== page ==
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https://www.readbyqxmd.com/read/28034447/c282y-h63d-hemochromatosis-mutations-and-microevolution-speculations-concerning-the-basque-population
#1
F Bauduer
The Basques live at the Western extremity of the Pyrenees. According to linguistic and genetic data they could be considered as one of the most ancient European populations. Numerous studies have evidenced particular patterns in the frequency of several genetic polymorphisms in this relatively unmixed human group. We discuss herein the puzzling distribution of the two major hemochromatosis HFE mutations associated with hereditary hemochromatosis. Thus, one can observe a low frequency of C282Y and, in contrast, one of the highest European frequencies of H63D...
December 19, 2016: Homo: Internationale Zeitschrift Für die Vergleichende Forschung Am Menschen
https://www.readbyqxmd.com/read/28000700/different-kinds-of-genetic-markers-permit-inference-of-paleolithic-and-neolithic-expansions-in-humans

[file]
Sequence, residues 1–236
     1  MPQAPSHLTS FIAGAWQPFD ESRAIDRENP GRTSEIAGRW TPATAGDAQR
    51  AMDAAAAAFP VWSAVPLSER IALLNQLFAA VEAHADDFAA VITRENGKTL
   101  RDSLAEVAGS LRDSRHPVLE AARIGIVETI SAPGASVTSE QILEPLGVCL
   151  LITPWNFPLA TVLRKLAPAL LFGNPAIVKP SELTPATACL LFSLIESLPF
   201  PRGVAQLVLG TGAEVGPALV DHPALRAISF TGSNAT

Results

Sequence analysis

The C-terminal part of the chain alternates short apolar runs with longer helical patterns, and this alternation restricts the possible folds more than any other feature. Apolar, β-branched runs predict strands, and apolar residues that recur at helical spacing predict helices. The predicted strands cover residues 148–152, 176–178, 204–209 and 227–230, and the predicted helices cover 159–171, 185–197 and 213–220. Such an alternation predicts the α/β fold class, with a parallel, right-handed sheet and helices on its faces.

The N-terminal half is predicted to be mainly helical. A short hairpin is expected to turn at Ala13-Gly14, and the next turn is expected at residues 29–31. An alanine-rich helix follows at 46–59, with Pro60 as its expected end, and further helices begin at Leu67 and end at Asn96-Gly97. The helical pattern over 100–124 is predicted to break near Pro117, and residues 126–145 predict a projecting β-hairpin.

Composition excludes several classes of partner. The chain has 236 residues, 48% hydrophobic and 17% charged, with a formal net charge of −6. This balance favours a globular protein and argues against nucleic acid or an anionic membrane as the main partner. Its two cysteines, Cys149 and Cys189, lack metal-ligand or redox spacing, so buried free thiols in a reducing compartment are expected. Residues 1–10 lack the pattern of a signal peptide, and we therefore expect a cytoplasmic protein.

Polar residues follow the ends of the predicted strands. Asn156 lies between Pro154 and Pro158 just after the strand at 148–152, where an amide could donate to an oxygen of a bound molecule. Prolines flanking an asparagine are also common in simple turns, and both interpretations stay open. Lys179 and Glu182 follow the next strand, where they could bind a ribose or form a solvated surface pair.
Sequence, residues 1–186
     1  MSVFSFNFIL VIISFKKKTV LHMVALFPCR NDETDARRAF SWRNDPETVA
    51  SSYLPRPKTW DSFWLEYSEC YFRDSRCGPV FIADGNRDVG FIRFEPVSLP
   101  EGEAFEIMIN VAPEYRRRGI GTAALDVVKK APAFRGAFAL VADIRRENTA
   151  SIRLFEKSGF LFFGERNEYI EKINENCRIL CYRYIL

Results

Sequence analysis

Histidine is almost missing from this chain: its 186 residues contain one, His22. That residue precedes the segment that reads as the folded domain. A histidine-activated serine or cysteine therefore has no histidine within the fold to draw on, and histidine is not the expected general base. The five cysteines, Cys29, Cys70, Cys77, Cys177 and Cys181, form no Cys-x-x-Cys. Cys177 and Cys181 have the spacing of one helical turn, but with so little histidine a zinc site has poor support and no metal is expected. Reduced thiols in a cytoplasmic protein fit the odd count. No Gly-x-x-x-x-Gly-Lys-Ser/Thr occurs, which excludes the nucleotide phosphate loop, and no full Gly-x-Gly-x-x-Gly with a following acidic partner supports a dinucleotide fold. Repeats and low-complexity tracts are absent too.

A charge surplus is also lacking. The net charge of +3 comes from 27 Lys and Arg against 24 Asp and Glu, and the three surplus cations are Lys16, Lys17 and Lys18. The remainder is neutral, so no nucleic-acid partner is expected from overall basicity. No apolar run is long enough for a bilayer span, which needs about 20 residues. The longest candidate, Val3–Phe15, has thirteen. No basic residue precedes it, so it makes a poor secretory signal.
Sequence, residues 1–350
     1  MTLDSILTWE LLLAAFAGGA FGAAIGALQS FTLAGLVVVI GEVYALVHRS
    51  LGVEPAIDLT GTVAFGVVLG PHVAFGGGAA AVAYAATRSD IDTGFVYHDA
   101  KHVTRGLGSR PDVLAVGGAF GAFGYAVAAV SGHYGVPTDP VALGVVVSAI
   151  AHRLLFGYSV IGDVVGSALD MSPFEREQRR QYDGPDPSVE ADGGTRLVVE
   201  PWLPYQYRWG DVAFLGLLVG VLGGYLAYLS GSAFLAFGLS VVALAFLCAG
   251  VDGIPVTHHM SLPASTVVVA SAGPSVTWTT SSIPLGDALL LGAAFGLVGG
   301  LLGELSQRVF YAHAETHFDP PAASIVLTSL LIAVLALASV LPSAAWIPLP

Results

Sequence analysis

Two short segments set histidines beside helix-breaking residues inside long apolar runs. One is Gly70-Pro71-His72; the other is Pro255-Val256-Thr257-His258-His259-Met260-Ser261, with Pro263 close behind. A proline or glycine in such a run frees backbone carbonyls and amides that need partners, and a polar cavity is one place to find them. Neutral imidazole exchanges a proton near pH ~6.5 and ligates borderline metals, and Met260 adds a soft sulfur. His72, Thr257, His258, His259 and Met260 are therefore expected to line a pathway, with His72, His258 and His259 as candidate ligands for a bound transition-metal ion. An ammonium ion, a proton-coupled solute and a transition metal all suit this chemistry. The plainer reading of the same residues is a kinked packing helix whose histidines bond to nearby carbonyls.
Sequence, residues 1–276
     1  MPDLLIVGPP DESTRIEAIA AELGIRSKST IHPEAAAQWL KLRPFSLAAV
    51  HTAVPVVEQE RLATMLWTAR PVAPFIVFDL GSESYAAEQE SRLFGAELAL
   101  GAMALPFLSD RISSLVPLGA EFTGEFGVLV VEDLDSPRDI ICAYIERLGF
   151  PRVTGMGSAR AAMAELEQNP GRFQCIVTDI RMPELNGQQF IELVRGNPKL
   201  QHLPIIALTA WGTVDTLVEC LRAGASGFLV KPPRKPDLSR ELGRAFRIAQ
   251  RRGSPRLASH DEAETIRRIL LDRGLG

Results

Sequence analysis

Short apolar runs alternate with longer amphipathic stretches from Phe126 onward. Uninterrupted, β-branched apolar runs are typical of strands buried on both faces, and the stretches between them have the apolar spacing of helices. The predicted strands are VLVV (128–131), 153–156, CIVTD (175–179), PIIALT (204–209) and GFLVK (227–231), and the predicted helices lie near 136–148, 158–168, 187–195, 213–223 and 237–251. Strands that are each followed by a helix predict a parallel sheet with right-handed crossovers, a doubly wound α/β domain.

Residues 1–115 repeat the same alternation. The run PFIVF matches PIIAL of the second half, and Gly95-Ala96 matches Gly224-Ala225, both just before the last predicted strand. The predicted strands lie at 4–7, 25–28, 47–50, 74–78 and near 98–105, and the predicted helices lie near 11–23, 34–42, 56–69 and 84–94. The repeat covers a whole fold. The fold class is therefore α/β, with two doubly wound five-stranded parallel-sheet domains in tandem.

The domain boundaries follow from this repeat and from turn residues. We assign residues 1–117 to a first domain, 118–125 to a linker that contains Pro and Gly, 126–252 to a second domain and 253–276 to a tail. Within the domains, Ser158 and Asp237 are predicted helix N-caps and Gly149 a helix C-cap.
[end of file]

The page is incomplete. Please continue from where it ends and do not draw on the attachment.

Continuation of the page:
#2
Carla Aimé, Frédéric Austerlitz
Recent population genetic studies have provided valuable insights on the demographic history of our species. However, some issues such as the dating of the first demographic expansions in human populations remain puzzling. Indeed, although a few genetic studies argued that the first human expansions were concomitant with the Neolithic transition, many others found signals of expansion events starting during the Palaeolithic. Here we performed a simulation study to show that these contradictory findings may result from the differences in the genetic markers used, especially if two successive expansion events occurred...
December 21, 2016: European Journal of Human Genetics: EJHG
https://www.readbyqxmd.com/read/27930293/the-plant-component-of-an-acheulian-diet-at-gesher-benot-ya-aqov-israel
#3
Yoel Melamed, Mordechai E Kislev, Eli Geffen, Simcha Lev-Yadun, Naama Goren-Inbar
Diet is central for understanding hominin evolution, adaptation, and environmental exploitation, but Paleolithic plant remains are scarce. A unique macrobotanical assemblage of 55 food plant taxa from the Acheulian site of Gesher Benot Ya'aqov, Israel includes seeds, fruits, nuts, vegetables, and plants producing underground storage organs. The food plant remains were part of a diet that also included aquatic and terrestrial fauna. This diverse assemblage, 780,000 y old, reflects a varied plant diet, staple plant foods, environmental knowledge, seasonality, and the use of fire in food processing...